Does the dress code stipulate the success of your company?

When I stared at my closet trying to decide what to wear, all the comments on the work clothes looked like cartoon bubbles. Do I listen to those who say that they are successful? Do I listen to the impressions of those dressed? Do I listen to those who say that they are going to improve? Or am I just wearing it to express it?

My closet feels overwhelming.

Let me take a step back and start from scratch. I read that nearly three-quarters of the “most suitable companies” in the UK have formal business dress requirements. I shared this on the Internet, asked people about their reactions and thoughts, and was surprised – I hardly know the feelings and intensity of how people should (or should not) dress up for work.

Is the litigation order respected?

One respondent caused a lot of attention and controversy. He said that if you wear a suit, people will trust and respect you more. My immediate thought is that this is not true. It’s not like the superhero we wear in our clothes (suits), miraculously have the “power” to be trusted or respected. If it works in this way, we will only provide all managers and leaders with the role that suits them being hired or promoted to them, and hey: their superhero power will appear.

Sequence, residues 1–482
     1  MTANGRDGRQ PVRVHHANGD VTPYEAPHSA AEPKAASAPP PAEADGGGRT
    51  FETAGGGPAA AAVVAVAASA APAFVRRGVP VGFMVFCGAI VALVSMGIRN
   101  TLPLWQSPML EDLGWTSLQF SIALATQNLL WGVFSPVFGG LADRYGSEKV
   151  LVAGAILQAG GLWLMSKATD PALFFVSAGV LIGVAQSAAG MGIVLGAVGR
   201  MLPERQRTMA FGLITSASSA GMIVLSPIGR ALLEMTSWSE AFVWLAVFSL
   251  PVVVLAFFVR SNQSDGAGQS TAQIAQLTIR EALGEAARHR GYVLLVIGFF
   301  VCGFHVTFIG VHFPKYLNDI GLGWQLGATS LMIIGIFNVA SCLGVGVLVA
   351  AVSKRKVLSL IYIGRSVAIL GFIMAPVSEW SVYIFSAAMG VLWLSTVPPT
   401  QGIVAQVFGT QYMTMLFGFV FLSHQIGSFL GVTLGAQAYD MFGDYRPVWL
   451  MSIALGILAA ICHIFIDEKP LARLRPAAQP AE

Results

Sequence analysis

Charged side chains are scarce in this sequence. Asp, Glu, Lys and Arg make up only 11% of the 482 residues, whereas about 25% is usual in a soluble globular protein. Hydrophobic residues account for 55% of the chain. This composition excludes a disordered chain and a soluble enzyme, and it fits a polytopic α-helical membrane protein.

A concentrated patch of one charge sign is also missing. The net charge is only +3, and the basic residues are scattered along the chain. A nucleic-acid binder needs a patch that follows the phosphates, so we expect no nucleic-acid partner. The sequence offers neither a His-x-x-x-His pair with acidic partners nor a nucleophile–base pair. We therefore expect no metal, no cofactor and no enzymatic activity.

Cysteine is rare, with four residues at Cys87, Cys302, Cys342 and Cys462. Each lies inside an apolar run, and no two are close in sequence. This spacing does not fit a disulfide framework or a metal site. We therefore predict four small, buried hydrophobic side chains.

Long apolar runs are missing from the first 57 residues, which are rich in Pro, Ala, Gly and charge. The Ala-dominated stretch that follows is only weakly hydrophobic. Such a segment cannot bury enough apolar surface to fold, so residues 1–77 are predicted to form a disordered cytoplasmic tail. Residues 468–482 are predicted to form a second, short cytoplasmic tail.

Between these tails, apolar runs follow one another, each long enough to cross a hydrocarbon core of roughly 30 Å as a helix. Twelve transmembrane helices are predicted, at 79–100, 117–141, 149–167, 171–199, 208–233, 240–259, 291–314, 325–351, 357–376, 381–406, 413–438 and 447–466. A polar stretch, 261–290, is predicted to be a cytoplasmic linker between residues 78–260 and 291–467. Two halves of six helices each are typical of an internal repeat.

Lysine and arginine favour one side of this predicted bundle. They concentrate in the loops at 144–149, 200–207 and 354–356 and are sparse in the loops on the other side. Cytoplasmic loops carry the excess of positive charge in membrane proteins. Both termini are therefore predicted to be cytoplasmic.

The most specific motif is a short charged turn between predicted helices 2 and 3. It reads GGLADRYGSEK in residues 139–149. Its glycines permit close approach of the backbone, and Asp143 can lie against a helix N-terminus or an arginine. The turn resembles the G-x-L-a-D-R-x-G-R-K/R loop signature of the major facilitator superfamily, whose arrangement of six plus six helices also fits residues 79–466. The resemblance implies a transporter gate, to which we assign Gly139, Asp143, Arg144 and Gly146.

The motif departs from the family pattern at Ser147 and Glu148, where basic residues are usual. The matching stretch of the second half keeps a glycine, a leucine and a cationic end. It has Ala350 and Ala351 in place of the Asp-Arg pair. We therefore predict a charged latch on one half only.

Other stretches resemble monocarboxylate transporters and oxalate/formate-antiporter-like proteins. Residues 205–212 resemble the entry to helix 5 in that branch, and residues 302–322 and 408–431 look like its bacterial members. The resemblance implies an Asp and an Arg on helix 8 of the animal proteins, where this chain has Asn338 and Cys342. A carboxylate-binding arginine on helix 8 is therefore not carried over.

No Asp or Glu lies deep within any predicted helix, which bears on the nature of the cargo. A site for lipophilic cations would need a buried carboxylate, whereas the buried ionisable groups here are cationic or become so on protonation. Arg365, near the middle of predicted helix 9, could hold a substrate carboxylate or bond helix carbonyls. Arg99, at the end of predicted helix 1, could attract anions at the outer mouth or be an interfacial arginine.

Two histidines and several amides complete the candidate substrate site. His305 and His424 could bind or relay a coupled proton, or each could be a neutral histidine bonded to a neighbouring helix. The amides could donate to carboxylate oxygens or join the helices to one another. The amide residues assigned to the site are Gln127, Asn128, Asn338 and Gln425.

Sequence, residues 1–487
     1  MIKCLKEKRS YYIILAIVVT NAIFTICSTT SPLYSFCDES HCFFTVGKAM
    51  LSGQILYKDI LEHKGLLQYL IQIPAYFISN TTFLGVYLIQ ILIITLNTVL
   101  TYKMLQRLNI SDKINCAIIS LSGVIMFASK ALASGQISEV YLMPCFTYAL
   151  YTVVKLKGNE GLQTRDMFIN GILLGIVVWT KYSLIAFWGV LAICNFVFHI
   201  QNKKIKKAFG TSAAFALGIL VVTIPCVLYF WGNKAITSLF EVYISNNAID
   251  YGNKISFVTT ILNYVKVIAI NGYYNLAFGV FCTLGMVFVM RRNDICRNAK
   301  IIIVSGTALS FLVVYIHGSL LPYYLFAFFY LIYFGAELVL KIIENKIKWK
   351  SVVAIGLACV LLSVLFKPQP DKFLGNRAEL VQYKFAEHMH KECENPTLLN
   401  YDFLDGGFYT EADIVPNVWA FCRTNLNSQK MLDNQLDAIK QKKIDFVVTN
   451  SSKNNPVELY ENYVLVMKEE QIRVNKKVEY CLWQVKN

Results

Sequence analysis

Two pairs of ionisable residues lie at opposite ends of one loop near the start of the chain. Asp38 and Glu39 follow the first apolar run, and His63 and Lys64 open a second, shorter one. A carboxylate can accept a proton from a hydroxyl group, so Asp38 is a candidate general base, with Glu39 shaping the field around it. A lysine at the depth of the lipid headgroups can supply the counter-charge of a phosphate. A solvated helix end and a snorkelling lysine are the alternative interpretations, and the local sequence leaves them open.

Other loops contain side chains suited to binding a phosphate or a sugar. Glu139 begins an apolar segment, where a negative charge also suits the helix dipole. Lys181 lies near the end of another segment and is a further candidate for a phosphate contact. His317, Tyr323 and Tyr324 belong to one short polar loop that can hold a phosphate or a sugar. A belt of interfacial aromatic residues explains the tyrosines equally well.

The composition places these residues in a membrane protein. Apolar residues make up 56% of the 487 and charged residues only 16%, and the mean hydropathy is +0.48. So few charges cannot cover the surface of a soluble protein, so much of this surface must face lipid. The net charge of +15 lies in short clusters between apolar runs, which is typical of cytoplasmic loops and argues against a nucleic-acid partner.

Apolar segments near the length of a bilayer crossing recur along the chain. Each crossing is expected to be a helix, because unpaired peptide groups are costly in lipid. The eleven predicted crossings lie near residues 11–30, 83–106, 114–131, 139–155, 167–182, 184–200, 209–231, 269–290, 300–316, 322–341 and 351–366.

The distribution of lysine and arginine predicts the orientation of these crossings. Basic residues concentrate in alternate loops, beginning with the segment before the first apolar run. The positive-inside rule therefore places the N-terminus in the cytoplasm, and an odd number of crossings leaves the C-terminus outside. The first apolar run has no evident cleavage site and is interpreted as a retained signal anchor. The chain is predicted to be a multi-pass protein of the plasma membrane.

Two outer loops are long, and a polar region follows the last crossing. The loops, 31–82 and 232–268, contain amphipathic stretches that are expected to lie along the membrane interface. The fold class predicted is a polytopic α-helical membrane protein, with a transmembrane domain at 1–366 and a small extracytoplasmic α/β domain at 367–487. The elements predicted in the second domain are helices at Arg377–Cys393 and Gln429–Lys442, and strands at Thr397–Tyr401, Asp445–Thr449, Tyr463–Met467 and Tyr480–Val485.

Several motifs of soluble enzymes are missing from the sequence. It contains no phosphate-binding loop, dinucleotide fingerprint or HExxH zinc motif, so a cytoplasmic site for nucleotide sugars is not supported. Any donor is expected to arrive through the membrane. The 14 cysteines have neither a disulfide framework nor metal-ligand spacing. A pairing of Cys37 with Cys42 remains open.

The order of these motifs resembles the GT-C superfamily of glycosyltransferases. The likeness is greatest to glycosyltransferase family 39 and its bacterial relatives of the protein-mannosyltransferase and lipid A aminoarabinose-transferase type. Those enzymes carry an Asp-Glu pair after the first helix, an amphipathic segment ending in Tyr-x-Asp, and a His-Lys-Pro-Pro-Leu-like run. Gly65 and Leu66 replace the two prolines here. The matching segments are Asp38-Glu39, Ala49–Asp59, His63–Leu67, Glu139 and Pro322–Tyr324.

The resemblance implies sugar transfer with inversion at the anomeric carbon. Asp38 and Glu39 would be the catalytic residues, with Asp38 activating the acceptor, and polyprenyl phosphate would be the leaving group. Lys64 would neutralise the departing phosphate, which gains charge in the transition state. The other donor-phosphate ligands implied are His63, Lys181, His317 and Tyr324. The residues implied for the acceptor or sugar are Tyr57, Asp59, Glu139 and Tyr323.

Leaders gain the trust and respect of their employees by sharing and living company values, communicating in an open and honest manner, having their own mistakes and being brave enough to look at their own things.

Does it look smarter to make you smarter?

A branch of this comment is that you need to look smart. Some people think that you have to wear a suit to achieve this goal, while others think you personally think “what” means to you. Personally, I am a fan of the latter, because I have turned to less formal clothing in the existing company, I have seen – and feel – if you don’t wear a formal suit, you can really wear and be smart . However, if I am completely honest, sometimes I will wear a suit or a beautiful dress at a large event because it gives me more confidence to perform in front of a large group of people. people. However, my co-authors and colleagues wore uniforms in his jeans and T-shirts, no matter what time and place he said, he was one of the smartest people I knew.

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